Defining Postpartum Psychosis

Image by Andrea Paterson. www.andreapaterson.com

Image by Andrea Paterson. www.andreapaterson.com

Article by Dr. Deirdre Ryan

In this article, Dr. Ryan provides a clinical exploration of the differences between postpartum depression and postpartum psychosis. It’s important to be able to distinguish between the two illnesses and to remember that postpartum psychosis is extremely rare. The Pacific Post Partum Support Society does not have resources to provide support or treatment to those with postpartum psychosis. If you suspect that you, or someone you love, is suffering from postpartum psychosis please contact your family doctor right away to discuss treatment options. If  you don’t have a family doctor, visiting a hospital emergency department is a legitimate option especially if you suspect that harm may come to mother or child.

Newspaper headlines outlining the details of moms who have drowned their babies or thrown themselves and their babies off bridges are horrifying and dismaying. They often hint at ‘Post-partum psychosis’ or ‘postpartum depression’.   If you are pregnant or a new mom, these headlines can be frightening too. Although incidents like these appear to occur often, they are, in fact, very rare and usually the result of untreated postpartum psychosis. Postpartum psychosis is the most severe psychiatric condition that can occur after childbirth and requires immediate treatment, including hospitalization for the new mom. Only 1-2 new moms for every 1000 births will experience it however.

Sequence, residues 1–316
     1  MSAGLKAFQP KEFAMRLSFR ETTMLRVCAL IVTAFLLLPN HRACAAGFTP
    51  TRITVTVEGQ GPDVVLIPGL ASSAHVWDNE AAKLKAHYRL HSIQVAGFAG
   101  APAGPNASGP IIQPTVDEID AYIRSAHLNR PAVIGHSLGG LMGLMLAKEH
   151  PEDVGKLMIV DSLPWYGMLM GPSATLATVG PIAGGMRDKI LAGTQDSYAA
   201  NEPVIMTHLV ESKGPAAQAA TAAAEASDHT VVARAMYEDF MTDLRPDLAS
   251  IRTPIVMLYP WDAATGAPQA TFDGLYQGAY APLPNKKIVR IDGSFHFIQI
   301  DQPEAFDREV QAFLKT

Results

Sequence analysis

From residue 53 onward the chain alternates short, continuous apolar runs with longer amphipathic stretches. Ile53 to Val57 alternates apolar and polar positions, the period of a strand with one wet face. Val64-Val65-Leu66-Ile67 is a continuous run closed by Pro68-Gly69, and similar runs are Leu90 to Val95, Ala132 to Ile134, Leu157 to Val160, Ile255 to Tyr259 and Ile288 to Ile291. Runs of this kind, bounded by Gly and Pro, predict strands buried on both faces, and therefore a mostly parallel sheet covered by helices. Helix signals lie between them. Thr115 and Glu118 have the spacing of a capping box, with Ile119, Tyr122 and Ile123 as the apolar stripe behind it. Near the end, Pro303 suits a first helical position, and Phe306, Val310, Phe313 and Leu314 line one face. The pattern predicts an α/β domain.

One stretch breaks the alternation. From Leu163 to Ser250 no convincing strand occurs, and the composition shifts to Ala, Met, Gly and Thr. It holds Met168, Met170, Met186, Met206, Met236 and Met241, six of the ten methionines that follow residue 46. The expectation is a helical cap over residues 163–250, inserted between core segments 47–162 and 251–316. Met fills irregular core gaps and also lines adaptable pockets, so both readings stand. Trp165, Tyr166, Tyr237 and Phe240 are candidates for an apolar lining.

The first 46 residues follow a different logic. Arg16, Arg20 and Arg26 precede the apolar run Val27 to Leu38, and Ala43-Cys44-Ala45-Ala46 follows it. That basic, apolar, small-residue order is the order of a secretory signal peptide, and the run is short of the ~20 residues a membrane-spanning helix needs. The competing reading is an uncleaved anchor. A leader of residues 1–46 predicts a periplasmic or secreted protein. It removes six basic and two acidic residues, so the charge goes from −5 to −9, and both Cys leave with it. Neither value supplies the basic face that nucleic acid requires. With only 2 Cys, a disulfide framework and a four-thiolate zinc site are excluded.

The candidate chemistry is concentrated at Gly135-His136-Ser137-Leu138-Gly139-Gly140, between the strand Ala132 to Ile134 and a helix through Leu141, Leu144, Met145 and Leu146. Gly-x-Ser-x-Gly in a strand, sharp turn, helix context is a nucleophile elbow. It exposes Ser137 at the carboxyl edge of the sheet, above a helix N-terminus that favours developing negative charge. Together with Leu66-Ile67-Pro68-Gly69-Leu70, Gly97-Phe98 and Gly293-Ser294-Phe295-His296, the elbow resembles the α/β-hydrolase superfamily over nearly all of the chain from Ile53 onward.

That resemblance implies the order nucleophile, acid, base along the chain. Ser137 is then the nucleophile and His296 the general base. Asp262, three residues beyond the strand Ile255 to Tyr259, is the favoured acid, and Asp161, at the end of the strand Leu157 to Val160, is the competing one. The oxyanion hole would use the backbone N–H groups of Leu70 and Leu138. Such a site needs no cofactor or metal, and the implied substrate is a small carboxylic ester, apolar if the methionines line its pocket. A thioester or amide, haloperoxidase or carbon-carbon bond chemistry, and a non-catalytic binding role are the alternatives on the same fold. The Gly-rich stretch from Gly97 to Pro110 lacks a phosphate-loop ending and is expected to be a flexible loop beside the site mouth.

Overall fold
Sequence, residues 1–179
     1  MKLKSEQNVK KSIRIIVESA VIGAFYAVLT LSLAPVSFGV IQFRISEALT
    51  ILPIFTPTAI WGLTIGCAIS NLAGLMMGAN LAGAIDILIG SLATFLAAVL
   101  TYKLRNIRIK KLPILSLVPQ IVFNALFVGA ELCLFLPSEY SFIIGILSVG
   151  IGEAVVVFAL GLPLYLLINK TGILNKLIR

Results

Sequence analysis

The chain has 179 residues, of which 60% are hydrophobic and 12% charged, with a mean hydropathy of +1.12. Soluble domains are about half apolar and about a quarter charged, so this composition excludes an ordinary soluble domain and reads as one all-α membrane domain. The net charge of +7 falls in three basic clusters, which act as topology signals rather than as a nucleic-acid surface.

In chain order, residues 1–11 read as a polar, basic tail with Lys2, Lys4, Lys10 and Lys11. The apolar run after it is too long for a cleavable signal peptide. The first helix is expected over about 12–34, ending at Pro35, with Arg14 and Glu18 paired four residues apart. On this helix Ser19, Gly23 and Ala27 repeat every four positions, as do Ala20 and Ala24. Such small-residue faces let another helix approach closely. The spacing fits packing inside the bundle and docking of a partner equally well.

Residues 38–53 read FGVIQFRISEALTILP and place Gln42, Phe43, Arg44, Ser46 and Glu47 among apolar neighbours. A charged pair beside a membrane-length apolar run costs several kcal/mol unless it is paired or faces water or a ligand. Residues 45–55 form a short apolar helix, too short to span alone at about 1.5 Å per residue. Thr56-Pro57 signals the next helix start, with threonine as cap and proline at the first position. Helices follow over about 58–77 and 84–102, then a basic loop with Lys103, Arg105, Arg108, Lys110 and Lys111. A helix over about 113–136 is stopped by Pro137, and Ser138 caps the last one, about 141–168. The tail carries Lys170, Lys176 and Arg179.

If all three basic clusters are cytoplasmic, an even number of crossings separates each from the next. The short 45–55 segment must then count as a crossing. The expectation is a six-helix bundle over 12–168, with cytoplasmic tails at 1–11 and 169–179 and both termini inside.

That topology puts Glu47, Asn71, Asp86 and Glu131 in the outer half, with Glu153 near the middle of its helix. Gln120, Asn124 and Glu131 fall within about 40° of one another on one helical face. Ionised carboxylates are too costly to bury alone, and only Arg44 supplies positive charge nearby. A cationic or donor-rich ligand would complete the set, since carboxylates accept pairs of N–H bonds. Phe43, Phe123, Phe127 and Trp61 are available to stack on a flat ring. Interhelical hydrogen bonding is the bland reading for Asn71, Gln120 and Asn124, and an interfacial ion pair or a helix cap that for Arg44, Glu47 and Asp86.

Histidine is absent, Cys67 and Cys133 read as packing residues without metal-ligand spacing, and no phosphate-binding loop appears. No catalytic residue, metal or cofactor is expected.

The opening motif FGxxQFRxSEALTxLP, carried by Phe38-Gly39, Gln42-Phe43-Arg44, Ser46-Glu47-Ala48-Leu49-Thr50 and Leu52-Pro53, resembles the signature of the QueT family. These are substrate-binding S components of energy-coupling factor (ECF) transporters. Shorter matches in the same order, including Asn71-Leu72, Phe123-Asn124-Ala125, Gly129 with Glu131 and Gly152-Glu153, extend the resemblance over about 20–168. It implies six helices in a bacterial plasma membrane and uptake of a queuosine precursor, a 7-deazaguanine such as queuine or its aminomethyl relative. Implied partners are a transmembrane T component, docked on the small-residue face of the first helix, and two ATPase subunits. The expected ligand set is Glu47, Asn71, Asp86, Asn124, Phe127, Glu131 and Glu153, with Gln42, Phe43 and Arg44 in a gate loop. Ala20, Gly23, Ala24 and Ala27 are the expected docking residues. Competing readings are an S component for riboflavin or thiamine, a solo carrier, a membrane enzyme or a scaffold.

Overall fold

The postpartum period is a vulnerable time for all woman because of physiological changes occurring in her body, especially drops in hormone levels and immunological changes. Some women have a higher risk of postpartum psychosis than others. For those with a prior history of a serious depressive or bipolar disorder or those with a family history of bipolar disorder, the postpartum period, with all its changes, is a particularly vulnerable time, especially for first-time moms.